Having recently delved neck-deep into the waters of mass online learning, I wanted to repost this blog I wrote a few months ago on The Werner Institute Blog, in order to hear more voices on this. The more I learn, the more convinced I am that the field of negotiation and dispute resolution is uniquely posed to be an important voice in the Online Learning Wars. Read on, roll your sleeves up and join the fray!
Online education is here to stay. How ‘good’ will it be? That depends on the educators and their ability to humanize online education. This is a call-to-arms, and the fields of negotiation and dispute resolution should be on the front lines.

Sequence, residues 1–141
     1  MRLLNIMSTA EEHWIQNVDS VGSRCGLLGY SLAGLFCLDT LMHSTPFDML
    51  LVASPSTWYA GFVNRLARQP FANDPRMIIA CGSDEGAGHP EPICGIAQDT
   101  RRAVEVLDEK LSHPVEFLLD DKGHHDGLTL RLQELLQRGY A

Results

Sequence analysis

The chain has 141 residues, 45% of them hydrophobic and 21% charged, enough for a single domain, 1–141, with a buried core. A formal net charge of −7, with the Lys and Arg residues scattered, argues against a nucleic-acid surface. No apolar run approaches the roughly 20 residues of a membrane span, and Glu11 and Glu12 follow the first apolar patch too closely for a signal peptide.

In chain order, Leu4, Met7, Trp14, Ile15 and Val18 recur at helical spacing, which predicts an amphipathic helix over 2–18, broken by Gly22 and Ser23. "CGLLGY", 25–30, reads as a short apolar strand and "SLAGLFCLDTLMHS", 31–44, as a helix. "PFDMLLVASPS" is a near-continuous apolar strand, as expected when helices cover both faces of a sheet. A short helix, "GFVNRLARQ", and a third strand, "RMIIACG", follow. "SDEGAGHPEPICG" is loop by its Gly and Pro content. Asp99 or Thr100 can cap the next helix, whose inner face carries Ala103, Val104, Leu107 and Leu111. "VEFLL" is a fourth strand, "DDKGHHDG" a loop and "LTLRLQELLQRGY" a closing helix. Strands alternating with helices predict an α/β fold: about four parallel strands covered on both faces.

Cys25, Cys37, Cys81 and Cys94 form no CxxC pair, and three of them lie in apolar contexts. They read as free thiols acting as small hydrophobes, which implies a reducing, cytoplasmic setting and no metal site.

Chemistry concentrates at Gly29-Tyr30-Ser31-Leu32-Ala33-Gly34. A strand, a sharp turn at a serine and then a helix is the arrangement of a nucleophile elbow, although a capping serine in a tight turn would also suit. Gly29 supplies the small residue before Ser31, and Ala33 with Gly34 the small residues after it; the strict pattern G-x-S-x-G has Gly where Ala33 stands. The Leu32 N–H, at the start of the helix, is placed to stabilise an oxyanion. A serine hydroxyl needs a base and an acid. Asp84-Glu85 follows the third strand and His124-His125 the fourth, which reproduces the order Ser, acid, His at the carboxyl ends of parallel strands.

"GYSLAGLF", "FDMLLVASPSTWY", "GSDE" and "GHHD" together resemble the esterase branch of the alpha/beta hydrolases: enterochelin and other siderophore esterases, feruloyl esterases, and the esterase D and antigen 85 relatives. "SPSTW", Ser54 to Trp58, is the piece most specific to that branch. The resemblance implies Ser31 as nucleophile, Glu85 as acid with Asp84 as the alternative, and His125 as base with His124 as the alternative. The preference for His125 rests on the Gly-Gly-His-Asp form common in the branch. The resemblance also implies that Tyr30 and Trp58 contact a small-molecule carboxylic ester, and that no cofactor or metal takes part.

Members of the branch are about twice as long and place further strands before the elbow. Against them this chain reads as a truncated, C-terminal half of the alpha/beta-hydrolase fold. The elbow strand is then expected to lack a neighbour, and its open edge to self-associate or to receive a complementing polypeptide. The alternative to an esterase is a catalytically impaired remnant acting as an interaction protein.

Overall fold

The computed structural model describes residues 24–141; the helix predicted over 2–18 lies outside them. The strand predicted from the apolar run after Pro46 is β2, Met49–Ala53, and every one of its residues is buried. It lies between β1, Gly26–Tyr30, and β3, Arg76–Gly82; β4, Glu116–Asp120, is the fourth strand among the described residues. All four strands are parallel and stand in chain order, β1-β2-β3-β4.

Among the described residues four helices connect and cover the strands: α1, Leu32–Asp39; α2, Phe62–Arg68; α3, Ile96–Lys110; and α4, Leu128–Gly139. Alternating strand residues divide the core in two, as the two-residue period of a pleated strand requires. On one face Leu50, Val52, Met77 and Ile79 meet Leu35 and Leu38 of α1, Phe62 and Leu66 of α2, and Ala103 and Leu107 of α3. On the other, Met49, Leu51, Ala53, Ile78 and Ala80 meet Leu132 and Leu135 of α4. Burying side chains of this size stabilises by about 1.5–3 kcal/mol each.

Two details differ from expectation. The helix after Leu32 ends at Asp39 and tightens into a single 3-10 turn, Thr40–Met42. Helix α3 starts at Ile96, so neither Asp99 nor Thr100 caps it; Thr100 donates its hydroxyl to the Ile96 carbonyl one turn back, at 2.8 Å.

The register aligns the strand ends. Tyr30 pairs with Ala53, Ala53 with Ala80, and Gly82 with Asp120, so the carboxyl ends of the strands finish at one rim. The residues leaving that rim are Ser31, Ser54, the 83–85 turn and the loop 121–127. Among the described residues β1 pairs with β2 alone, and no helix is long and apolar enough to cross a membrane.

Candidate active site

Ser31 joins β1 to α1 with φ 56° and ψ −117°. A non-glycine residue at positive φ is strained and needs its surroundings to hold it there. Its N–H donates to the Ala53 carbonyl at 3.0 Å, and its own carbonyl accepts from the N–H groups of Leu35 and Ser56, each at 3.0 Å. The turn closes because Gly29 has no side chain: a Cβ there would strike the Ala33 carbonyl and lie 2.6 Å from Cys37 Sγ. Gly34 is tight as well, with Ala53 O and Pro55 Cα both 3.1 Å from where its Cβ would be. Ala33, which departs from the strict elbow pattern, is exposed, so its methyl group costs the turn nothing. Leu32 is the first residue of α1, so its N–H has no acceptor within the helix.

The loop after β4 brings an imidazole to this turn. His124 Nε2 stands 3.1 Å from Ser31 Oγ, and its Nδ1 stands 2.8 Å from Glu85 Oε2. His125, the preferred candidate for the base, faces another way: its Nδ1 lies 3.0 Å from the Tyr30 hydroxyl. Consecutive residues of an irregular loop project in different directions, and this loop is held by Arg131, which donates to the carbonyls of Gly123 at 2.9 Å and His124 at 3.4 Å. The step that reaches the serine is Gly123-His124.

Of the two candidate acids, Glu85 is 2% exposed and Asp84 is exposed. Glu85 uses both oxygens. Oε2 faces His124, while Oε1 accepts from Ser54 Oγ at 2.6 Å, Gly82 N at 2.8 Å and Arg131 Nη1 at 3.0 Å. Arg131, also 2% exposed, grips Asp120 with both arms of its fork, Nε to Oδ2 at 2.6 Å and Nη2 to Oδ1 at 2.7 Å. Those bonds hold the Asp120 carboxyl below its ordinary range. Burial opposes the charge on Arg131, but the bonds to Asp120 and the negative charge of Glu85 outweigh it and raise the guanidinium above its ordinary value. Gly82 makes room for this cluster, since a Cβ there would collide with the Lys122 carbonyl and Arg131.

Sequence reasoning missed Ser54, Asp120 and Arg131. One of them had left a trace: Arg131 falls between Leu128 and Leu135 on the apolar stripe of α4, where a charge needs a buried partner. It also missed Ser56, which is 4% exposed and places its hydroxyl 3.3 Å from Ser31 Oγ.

I am an online educator.
I know my students’ learning aptitude and starting points. I also know their names, jobs and hobbies. Oh, and their pets’ names, their kids’ talents and their taste in TV shows. I know which one of my students constantly fights with her mom, who just went through divorce, whose husband reads the class material over her shoulder - and whether they disagreed over it. All of this gets folded back into our class conversations, which conveniently focus on topics of negotiation and conflict.
At The Werner Institute at Creighton University’s School of Law, we offered a master’s program in negotiation and dispute resolution on campus - and then decided to eliminate geography as a barrier to education by offering it online. With our faculty’s background in what is now being called “traditional classroom teaching”, we decided to hold ourselves to the same standards in online education – by eliminating ‘distance’ as an acceptable excuse for anything less than excellence in our teaching.